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Proximity Breeds Success

This article was first published on 26 Mar 2014.

Dianella tasmanica

Dianella tasmanica

A close neighbour is close to showing us up. From southeastern Australia and Tasmania comes the Tasmanian flax lily, Dianella tasmanica. This tough but unassuming little Aussie has a collection of qualities that make it an invaluable plant for that tricky spot in the Dunedin garden.

Dianella tasmanica is a relative of New Zealand’s native tūrutu, Dianella nigra, with the berries, flowers and leaves on the Australian species all being on a larger scale. The Australian has long, strap-like evergreen leaves, from which flower spikes 1 metre tall emerge, topped with dainty blue flowers in spring and early summer. Large blue fruits, the size of small marbles, follow in autumn and persist for over a month.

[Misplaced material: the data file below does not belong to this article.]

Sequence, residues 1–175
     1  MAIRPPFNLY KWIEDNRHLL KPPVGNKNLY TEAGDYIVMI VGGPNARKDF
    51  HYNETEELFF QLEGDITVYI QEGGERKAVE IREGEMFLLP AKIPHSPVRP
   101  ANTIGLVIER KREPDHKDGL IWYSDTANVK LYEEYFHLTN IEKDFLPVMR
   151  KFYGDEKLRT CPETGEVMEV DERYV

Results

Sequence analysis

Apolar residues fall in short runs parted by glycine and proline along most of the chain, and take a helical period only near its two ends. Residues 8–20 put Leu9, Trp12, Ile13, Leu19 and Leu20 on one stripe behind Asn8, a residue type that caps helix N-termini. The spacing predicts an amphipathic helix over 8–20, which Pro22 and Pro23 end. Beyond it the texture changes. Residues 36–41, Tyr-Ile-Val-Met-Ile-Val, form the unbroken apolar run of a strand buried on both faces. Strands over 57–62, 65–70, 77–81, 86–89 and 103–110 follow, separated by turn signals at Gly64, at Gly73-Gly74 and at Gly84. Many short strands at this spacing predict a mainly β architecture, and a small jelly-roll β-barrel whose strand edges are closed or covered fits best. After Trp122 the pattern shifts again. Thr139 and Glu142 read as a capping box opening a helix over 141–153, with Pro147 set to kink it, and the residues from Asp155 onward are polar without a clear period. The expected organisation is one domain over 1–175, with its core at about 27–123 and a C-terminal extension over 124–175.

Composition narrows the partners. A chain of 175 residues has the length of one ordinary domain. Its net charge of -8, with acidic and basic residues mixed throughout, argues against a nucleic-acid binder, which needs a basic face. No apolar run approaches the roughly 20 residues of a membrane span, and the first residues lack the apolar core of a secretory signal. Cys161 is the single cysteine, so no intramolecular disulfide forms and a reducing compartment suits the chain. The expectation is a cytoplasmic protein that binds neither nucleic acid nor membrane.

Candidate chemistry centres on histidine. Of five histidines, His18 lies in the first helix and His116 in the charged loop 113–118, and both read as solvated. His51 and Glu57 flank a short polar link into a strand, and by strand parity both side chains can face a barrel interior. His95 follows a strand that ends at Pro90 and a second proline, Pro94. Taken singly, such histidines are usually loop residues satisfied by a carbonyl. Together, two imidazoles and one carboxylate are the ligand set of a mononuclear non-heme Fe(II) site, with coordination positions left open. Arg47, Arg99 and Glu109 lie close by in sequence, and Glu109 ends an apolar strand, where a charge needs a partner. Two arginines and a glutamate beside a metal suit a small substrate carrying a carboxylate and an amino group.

Used to the Tasmanian weather, the flax lily is quite at home in Dunedin’s climate, and is great planted as a ground cover under larger trees or shrubs. Very tolerant of a variety of ground conditions, it thrives in most soil types, from drier, free draining conditions to damp heavy clays.

Plants slowly spread by underground rhizomes, forming neat clumps quickly. These rhizomes also make plants easy to divide with a spade and this is the best method of propagation.

Dianella tasmanica can be seen growing in the upper Botanic Garden, throughout the Australian Borders of the Geographic Plant Collection around the aviary.

Dylan Norfield is the Curator of the Geographic and Arboretum Collections at Dunedin Botanic Garden.